I continued the light reading with a gift from Sarah: How Not to be a Professional Footballer by Paul Merson. I’m not really a fan of biographies, but do have a soft spot for wayward footballers from back when I cared – especially if they happen to be members of the infamous ’89/’90 Arsenal squad. The books by Tony Adams and Steve Claridge, for example. Both were poor, but had some fascinating sections that made them well worth reading.

Sadly Merson’s book doesn’t hit those heights. While you get the fantastical stories of drinking/gambling, its a very laddy retelling. There’s no depth of feeling: it’s more like he’s sitting in the pub telling tales of his past. Even the more shocking ones (throwing Perry Groves over a 20-foot wall into the sea by accident) are passed off as things that just kind of happened, you know? There’s no emotion coming through. It’s clearly the publisher/ghost writer’s fault, as they’ve decided to try and make it a ‘funny’ book without really thinking about the content. For me, that was an error.

But I’ll never tire of reading about that ’89-’90 league winning season. And the insights into how poorly they were paid, and how George Graham ran the club back then, are fascinating. Plus the fact he’s from Northolt, a mile or so from where I grew up at the same time he did, also added to my enjoyment. So while overall it was a shallow reading experience, there was more than enough to keep this old north-west Londoner happy. Right up until the obligatory ‘world’s best 11’ section. Seriously – who cares?

Last up this time is Strange Tide by Christopher Fowler. I’d feared, after the last, there wouldn’t be a 15th Bryant and May novel – at least in the normal timeline. With the main protagonists getting ever older, would we be returning to their history to look into older case files? Not yet, it seems. For now, the pensionable detectives are continuing to fight crime – which seems to be a mixed blessing.

Fowler, for me, is still one of the best writers around right now. Every sentence is beautiful, while his insights into London are a joy to read. As someone born there, but now living away, its a fascinating look into the darker side of the city. But in a gentle, historical way rather than the gangster thuggery we’re used to from slick Tarantino-esque films. This shines a light over a complex city, constantly changing and surprising even those who’ve been there for decades.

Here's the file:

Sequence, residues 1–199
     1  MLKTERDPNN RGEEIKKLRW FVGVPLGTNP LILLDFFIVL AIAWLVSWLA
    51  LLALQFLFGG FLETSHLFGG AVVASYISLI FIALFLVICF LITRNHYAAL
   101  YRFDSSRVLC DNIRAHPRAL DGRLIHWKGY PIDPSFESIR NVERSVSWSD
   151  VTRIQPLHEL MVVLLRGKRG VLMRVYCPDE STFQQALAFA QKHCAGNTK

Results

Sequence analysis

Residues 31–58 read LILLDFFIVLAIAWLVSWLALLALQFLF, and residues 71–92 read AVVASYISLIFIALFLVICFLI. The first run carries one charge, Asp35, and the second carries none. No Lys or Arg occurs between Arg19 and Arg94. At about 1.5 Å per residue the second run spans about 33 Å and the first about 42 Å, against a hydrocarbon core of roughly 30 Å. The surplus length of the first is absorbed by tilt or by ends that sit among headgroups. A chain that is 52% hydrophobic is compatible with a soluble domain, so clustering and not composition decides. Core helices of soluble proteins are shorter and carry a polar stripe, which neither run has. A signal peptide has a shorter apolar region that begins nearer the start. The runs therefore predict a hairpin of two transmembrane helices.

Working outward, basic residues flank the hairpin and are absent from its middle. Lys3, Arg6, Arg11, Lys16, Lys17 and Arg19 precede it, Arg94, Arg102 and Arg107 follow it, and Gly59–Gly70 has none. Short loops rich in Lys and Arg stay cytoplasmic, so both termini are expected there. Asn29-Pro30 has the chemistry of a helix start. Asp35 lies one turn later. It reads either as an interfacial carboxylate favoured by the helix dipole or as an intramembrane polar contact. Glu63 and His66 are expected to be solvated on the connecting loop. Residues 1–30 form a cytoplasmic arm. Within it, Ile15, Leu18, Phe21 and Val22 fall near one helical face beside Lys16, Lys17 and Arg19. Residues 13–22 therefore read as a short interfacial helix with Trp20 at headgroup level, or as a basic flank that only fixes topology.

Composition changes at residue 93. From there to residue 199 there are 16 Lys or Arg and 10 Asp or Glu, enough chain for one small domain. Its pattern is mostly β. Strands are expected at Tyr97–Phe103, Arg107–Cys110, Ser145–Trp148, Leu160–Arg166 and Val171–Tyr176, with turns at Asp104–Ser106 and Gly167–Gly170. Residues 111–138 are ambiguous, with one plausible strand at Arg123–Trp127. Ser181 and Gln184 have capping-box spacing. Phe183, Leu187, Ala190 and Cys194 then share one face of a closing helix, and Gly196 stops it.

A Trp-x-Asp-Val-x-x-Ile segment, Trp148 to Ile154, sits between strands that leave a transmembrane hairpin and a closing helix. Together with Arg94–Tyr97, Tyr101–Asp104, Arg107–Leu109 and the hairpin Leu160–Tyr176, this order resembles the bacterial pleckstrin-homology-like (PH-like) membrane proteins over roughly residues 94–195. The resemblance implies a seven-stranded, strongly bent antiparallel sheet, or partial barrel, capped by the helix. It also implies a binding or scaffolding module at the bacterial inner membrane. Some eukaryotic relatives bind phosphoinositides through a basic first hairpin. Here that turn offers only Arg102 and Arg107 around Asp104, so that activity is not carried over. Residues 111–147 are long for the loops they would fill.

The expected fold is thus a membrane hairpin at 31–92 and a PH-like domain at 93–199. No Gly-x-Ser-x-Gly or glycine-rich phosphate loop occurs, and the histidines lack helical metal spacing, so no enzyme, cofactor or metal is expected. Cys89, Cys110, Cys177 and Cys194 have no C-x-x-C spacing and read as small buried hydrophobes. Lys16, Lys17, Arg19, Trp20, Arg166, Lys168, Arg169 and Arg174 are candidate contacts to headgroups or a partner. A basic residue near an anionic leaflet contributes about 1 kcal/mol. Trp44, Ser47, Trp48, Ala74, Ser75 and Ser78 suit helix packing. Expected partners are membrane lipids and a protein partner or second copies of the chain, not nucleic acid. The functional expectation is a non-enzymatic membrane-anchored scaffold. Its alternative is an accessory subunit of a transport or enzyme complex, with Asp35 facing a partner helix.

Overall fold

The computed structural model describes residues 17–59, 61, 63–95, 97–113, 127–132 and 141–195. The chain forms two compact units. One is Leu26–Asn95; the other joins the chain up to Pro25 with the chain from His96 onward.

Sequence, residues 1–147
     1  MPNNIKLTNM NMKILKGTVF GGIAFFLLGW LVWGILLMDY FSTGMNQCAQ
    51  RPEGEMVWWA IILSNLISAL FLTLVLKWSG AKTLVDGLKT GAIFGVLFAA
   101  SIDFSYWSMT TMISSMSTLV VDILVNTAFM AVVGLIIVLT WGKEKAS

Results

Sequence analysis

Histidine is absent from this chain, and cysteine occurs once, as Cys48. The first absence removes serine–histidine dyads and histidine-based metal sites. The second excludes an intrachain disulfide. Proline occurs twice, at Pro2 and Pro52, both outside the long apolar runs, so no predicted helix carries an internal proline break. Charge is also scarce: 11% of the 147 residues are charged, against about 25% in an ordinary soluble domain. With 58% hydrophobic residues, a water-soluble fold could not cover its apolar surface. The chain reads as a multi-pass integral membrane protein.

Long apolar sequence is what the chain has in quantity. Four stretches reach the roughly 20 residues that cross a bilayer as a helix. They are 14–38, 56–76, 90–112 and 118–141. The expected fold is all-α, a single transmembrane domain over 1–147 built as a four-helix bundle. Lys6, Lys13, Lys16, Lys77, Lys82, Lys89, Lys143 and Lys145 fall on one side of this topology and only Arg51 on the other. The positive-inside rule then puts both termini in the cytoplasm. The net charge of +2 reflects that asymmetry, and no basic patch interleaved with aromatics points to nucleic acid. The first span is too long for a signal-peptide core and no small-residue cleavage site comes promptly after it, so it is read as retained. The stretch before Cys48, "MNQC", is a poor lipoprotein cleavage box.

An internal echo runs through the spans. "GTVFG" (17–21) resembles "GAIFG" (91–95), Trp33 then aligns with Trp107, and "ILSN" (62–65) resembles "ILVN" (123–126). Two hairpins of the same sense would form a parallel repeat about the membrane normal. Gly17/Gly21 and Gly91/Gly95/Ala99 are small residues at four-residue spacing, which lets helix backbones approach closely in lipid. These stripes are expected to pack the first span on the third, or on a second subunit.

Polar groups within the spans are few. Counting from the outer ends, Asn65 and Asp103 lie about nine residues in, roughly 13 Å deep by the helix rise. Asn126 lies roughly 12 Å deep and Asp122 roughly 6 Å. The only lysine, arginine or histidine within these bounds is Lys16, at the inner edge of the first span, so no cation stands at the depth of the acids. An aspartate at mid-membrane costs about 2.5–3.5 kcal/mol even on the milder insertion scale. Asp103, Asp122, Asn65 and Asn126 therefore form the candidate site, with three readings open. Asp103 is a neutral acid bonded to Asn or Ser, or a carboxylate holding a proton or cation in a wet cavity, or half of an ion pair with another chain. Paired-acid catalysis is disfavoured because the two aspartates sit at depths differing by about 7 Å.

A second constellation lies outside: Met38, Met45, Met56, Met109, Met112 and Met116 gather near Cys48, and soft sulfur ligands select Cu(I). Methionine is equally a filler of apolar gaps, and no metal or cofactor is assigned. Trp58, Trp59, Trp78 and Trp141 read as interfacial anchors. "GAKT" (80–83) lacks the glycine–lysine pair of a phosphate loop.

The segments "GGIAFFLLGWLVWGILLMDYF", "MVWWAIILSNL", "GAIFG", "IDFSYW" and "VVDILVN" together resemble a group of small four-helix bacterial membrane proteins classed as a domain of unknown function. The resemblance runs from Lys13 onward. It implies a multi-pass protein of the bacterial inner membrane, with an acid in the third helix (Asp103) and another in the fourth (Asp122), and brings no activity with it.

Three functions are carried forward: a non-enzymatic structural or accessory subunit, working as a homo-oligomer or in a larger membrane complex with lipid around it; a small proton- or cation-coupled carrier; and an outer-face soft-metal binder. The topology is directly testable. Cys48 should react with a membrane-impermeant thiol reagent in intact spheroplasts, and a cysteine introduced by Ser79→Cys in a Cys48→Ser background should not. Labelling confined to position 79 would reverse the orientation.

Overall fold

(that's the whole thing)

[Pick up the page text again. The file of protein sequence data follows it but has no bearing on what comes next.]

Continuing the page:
But even as a fan, the lack of progression from the series’ main – and lesser – characters is becoming problematic. While the plot was clever and intriguing and the one-liners funny, it doesn’t quite paper over the cracks anymore. This one even had a nice little background plot twist – but it still didn’t feel quite enough. The police unit is always a step from being shut down, while the staff never really move on in terms of character development. Fifteen books in a series is a genuine achievement – but it’s about time the background elements the fans love to came more to the fore.

What’s next on the list?

Only Hitch Hiker’s is off the list since last time. I really should be stricter with what I grab off the shelves! And the new entry slotting in at number one probably isn’t helping the cause of the other entries. I’ve already started one of the regulars below though, so who knows – maybe i’ll make it a clean sweep off the list next time…

  1. Book of Dust #1 by Philip Pullman. New entry! Picked this up because the first three books in the universe were brilliant – and the new (slightly crap, sadly) TV series has reignited my interest in these old characters.
  2. Rules of Prey by John Sandford. Fourth time on the list. A New York Times bestselling author; a thriller said to be packed full of suspense; and a lead character who is cop as well as a game designer? Take my money! Bound to be a disappointment.
  3. Dice Games Properly Explained by Reiner Knizia. Also fourth time on the list. I bought this (now ages ago) on recommendation, and my game design mojo has been somewhat invigorated of late, so it’s about time I got around to reading it.
  4. The Communist Manifesto by Marx & Engels. Third time on the list. Hard to believe I’ve never actually read this, despite it sitting on my shelves for years – and me having done a degree covering sociology! While I understand what Marxism and communism are, it’s time I read the true source material.